Retirement can seem very far away when you’re young. Unfortunately, because of this, many people who are just starting out don’t save enough for it.
Saving too little early on can make it much harder to catch up later as you lose out on years of compound interest. That’s likely why so many older Americans wish they hadn’t waited. In fact, the number one piece of advice people in their 40s, 50s, 60s, and 70s would give their younger selves is to start saving sooner, according to a recent TD Ameritrade survey.
A full 68% of all survey respondents would admonish their younger selves to sock away more cash, the survey showed. And the older people get, the more they wish they’d started saving ASAP. That’s why 69% of people in their 60s and 75% of people in their 70s would give this advice.
Why does starting young matter so much?
When you start saving early, invested funds begin earning returns right away. The money your investments earn can be reinvested so you’ll earn a return on that cash too. When you earn interest on interest, it’s called compound interest and it can help your account balance to grow quickly.
You can invest a much smaller amount to end up with a larger nest egg if you begin saving when you’re young and compound interest has decades of time to work for you.
Consider the table below, which shows how much a $250 monthly investment earning an 8% annual return would net you by 65, depending on the age you start saving.
|Age You Start Investing||Amount You Have at 65|
Looking at this table, it should come as no surprise that someone in their 40s or beyond would wish they’d started saving sooner. If you save the same monthly amount but start at 25 instead of 45, you’d have over $1 million more invested by the time you’re ready to retire.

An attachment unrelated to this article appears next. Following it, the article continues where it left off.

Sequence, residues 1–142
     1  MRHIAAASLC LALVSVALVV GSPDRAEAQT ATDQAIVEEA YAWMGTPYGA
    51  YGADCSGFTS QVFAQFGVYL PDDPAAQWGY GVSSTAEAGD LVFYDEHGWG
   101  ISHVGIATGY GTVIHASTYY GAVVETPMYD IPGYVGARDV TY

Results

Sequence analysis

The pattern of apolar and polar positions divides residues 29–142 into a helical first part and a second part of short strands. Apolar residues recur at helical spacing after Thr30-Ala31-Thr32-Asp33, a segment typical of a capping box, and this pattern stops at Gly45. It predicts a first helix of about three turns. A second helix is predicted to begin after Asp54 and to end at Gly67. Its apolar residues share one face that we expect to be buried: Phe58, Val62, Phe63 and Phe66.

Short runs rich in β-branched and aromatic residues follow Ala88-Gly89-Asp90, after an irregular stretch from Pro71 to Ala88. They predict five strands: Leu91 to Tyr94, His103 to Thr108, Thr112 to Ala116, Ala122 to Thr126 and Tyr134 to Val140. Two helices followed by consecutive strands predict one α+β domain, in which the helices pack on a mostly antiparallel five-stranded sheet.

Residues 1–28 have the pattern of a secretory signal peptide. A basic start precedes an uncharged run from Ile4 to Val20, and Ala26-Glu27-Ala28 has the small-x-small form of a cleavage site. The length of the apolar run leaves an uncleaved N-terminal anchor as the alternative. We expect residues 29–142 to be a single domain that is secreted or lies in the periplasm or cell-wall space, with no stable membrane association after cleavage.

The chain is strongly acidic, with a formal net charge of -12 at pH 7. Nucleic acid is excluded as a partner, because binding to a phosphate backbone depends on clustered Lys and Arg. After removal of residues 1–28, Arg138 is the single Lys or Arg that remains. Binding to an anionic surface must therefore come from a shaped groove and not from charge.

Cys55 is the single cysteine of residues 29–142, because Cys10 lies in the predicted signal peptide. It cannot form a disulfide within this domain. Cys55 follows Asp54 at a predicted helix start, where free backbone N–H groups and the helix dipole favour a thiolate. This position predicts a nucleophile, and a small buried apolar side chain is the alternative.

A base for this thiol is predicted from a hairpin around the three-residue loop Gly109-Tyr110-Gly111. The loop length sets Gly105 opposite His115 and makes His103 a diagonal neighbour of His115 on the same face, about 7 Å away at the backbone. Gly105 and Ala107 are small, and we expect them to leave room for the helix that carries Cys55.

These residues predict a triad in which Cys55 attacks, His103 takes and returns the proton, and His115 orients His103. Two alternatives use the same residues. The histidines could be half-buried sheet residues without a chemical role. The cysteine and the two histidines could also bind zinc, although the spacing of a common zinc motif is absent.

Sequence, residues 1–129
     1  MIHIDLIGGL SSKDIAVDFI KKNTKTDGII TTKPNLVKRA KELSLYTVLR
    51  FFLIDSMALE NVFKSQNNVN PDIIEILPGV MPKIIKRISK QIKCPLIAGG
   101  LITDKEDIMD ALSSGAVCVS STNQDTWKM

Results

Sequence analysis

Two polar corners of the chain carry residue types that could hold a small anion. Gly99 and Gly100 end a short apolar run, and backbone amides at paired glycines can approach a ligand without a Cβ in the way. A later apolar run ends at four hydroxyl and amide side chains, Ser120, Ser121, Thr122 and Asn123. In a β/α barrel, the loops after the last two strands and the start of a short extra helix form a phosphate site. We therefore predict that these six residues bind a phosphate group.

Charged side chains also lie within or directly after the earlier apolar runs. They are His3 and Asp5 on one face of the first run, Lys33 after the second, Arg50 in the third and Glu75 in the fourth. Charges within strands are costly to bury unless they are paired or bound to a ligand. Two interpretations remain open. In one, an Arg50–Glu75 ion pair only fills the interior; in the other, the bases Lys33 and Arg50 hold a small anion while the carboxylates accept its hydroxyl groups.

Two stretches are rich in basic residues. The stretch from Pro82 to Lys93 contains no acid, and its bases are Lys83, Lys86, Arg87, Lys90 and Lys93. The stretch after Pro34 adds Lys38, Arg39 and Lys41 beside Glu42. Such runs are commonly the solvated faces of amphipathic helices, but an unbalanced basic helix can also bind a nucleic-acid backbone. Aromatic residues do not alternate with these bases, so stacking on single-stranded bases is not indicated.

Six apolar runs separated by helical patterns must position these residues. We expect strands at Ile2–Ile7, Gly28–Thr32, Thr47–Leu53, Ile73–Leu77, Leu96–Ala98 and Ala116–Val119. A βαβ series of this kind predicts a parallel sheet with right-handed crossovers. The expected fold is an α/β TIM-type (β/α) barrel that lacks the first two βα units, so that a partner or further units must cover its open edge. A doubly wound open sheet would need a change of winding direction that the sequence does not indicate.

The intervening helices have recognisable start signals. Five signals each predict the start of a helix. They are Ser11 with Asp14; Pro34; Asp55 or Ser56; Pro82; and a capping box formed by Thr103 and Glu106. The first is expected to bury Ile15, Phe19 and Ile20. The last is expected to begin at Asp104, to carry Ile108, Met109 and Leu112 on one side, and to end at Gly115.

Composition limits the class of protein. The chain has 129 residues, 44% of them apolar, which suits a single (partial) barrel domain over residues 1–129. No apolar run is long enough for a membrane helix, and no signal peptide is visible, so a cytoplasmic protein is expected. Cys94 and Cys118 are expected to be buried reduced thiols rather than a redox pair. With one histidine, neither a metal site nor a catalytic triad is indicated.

If you start with nothing at 45 and want to end up with that same $1.32 million, you’d need to invest $2,235 per month — an impossible sum for most people.
Start saving ASAP so you don’t have any regrets
You don’t want to become one of the majority of older Americans wishing they could tell their younger selves to start saving more money earlier. And while you can’t invest in a time machine to go back and start putting away money in your 20s, you’ll never again be as young as you are today. That makes today the perfect day to increase the amount you’re investing for the future.
Sit down with your budget, look for ways to cut spending, and figure out what you can sock away if you prioritize savings. Then increase your 401(k) or IRA contributions until you’re satisfied you’re on track and not letting your future self down.